• Flexible Spending Accounts (FSAs) will be capped at $2,500. The Americans for Tax Reform website notes this cap will be “particularly cruel and onerous” for parents of special needs children who currently take advantage of the unlimited FSA to fund special needs education expenses.
  • The Obamacare investment surtax will result in the capital gains rate increasing from 15 to 23.8 percent in 2013 and the dividends tax will rise from 15 to 43.3 percent.
  • The threshold for medical itemized deductions will increase from expenses exceeding 7.5 percent of adjusted gross income to 10 percent of adjusted gross income.
  • The Medicare payroll tax will increase from 2.9 to 3.8 percent for all wages and profits exceeding $200,000 for individuals and $250,000 for married couples.

While the impact on family budgets could be profound, the broader economic implications are also cause for concern. ABC News reports the spending cuts and tax increases could, "stifle the US economic recovery and send the country back into recession, spelling bad news for the global economy as well."

Do you think political leaders will be able to reach an agreement in time to avert a fiscal disaster? Let us know in the comments.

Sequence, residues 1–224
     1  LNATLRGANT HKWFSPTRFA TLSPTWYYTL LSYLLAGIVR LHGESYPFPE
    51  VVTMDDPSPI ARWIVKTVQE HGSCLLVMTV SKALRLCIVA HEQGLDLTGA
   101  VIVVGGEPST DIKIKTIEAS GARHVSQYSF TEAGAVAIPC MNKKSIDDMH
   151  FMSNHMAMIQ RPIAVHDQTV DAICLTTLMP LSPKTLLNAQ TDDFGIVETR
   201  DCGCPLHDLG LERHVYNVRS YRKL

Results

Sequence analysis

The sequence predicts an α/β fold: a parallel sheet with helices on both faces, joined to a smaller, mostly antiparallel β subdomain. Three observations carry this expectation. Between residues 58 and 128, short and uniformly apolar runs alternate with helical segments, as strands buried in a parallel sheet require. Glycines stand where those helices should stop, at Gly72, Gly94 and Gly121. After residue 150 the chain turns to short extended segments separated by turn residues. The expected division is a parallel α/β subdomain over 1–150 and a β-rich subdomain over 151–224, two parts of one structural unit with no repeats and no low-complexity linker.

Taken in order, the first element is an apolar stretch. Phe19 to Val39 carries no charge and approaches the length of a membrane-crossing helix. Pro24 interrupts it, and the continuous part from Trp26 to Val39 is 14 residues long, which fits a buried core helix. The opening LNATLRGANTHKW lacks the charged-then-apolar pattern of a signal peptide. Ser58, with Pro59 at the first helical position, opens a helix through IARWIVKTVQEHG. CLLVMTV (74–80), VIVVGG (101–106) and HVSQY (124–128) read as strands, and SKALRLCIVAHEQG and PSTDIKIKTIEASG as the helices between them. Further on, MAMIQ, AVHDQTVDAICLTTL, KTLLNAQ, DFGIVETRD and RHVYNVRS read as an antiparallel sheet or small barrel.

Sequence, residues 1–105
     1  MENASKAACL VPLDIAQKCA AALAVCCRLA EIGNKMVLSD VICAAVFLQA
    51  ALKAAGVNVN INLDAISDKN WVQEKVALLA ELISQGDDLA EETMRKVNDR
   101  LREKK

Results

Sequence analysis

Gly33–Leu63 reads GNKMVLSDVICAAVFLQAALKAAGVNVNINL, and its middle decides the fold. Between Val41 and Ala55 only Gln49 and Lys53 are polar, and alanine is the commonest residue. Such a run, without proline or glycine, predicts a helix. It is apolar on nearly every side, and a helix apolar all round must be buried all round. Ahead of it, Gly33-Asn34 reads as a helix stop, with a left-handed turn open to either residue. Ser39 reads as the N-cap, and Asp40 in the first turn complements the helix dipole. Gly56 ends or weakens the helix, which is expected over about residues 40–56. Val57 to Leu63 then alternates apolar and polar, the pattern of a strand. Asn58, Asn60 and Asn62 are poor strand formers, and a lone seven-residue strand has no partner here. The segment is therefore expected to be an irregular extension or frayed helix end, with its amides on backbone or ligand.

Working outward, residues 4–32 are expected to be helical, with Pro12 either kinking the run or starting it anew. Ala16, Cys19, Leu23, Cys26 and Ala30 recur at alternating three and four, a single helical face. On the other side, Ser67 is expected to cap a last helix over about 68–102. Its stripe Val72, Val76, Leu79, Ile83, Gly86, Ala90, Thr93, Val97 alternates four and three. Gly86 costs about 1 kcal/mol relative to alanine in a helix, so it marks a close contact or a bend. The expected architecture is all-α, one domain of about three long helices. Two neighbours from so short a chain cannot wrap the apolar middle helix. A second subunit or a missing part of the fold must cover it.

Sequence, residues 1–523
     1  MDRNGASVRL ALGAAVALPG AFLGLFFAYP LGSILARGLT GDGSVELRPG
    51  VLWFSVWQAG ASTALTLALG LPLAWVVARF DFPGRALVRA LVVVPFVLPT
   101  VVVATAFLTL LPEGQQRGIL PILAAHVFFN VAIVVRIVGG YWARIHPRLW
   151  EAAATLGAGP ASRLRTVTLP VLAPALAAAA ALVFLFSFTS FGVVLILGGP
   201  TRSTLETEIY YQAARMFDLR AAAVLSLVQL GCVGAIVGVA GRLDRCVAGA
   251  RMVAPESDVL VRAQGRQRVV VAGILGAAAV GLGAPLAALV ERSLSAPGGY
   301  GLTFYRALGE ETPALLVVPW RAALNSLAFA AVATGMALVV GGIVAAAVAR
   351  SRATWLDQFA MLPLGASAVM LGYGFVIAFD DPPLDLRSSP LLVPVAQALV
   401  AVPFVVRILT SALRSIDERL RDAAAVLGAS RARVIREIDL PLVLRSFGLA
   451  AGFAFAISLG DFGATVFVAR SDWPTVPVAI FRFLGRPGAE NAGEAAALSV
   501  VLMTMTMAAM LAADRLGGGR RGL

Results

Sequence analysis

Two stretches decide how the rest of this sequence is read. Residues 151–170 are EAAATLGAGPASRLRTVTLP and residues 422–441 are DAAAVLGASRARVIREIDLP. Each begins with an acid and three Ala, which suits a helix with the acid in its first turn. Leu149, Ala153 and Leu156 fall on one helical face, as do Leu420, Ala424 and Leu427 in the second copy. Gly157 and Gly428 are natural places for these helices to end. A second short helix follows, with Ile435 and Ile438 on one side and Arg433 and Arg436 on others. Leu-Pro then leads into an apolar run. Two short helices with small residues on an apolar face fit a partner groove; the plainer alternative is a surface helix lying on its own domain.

M.K. OSBORNE December 31, 2012 at 10:54 PM
Tammy Osier January 02, 2013 at 12:33 AM
So much for the promise that the middle class won't be affected. Some of us knew this already. NOsurprise here. I have a feeling this will be a year of many I told you so's... No matter what decisions they make on capitol hill, it won't put much of a dent in this. They are still of the mindset that to spend more money, somehow you fix it. NOT! It's like the definition of insanity where "insanity is doing the same thing over and over expecting a different result."
Tammy Osier January 02, 2013 at 01:19 AM
How in the world do liberals explain this? The current administration knew this while campaigning (translate: lied top get elected). . I'm sure there will be some excuse. Oh, never mind, I notice how silent it is here. Can't explain it. That's why. When tax cuts expire, taxes go UP. "The budget deal passed by the U.S. Senate today would raise taxes on 77.1 percent of U.S. households, mostly because of the expiration of a payroll tax cut, according to preliminary estimates from the nonpartisan Tax Policy Center in Washington. More than 80 percent of households with incomes between $50,000 and $200,000 would pay higher taxes. Among the households facing higher taxes, the average increase would be $1,635, the policy center said. A 2 percent payroll tax cut, enacted during the economic slowdown, is being allowed to expire as of yesterday."
R++ One of the Famous Dacula Crew January 02, 2013 at 04:13 AM
Gee M.K. thanks for that video. That means we won’t have to WORRY until we get to 24 TRILLION, we don't go over till 25 TRILLION - there’s PLENTY of time left to ignore it!! Let’s just RAISE spending and call it a New Year…
R++ One of the Famous Dacula Crew January 02, 2013 at 04:16 AM
Tax cuts are temporary; tax (fee/penalties) increases are FOREVER!